Has Greek mythology taught us nothing?
The man who flew around the world in a hot air balloon now wants to make the same trip using only the power of the sun.
Bertrand Piccard – not Icarus – plans to make the trip in his Solar Impulse, a fragile-looking plane that weighs less than an SUV and is powered by the 12,000 solar cells that make up its overlong wings.
While it's not the first sun-powered plane, the Solar Impulse is unlike others in that its energy-efficient batteries allow the plane to soar even through dark night skies.
"These cells capture the energy of the sun and transform it into electricity," Mr. Piccard explained in an interview with 60 Minutes. "This electricity goes simultaneously to the engine and to the batteries. Then we reach the next sunrise, and we capture the sun again, and we can continue, theoretically forever."
The psychologist and aeronaut came up with the idea 13 years ago after becoming the first to circumnavigate the globe nonstop in a balloon. Dismayed by the trip's enormous fuel dependency, Piccard promised his next flight would be self-sustaining.
In 2009, Piccard, along with his business partner André Borschberg, unveiled a solar-powered plane that relied only on the limitless power of the sun.
A year later the two showed the technology was capable of overnight flight when Mr. Borschberg flew the experimental craft for 26 hours and 9 minutes over Switzerland.
The former Swiss Air Force fighter pilot described the renewed appreciation of sunlight that comes with depending on it to remain aloft, 20,000 plus feet in the air:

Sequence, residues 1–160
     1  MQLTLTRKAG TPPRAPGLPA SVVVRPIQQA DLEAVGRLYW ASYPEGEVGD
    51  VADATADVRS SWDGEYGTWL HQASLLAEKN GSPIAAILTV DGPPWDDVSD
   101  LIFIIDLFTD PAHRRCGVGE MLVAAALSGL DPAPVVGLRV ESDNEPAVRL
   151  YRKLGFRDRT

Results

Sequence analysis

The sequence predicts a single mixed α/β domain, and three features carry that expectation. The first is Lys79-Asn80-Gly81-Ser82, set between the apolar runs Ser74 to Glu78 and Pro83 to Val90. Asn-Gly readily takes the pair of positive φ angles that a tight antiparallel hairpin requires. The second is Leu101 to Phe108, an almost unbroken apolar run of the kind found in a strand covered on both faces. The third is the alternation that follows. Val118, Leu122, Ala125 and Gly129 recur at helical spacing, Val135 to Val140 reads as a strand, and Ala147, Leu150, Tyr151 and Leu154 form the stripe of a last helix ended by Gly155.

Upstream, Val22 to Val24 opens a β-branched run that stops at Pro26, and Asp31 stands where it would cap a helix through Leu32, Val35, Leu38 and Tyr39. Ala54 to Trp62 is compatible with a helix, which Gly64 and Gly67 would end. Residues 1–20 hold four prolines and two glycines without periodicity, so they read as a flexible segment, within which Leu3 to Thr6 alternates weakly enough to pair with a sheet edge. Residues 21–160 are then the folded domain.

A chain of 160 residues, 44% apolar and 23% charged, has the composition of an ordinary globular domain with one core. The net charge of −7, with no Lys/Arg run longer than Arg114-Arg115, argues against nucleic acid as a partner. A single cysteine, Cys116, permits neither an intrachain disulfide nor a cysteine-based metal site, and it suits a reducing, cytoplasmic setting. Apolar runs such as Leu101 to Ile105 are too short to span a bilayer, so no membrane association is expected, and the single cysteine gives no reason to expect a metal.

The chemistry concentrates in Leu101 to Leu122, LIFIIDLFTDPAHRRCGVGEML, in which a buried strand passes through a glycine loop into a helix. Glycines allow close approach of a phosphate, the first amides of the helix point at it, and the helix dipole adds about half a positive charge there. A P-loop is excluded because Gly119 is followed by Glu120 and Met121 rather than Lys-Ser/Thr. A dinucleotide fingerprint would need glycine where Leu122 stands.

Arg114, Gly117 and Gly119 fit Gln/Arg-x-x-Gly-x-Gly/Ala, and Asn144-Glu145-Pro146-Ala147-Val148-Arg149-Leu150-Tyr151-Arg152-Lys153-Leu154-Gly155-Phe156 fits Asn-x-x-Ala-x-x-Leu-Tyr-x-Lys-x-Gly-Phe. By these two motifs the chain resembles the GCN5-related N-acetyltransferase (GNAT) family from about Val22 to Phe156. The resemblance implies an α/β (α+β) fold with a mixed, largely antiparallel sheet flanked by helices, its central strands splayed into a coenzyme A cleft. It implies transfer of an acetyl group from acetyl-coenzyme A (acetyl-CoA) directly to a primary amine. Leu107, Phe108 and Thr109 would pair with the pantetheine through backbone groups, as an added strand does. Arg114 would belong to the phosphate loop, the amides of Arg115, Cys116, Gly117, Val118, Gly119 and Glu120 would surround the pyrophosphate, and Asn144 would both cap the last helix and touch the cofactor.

"The sunset is gorgeous, but the sunrise of course brings the next day," he told 60 Minutes. "It brings the hope again that you can continue."
Videos posted on the Solar Impulse website capture the odd craft slowly taking off and floating through the air. It's ideal flying speed is 30 miles per hour. What it lacks in brute, energetic force, it seems to make up for in quiet grace. "Flying" doesn't quite capture the plane's motion, as it appears almost suspended in midair.
Of course, there are some kinks left to work out before the Solar Impulse is even remotely close to market-ready. The craft's extremely light weight makes it particularly susceptible to storms. The cockpit lacks climate control and the plane stalls at low speeds, 60 Minutes reports.
At least the wings aren't held together with wax.
Borschberg and Piccard hope to complete the first purely solar-powered flight across the US next spring. The entrepreneurs' plan is for the Impulse to take a 20-day trip around the globe in 2015.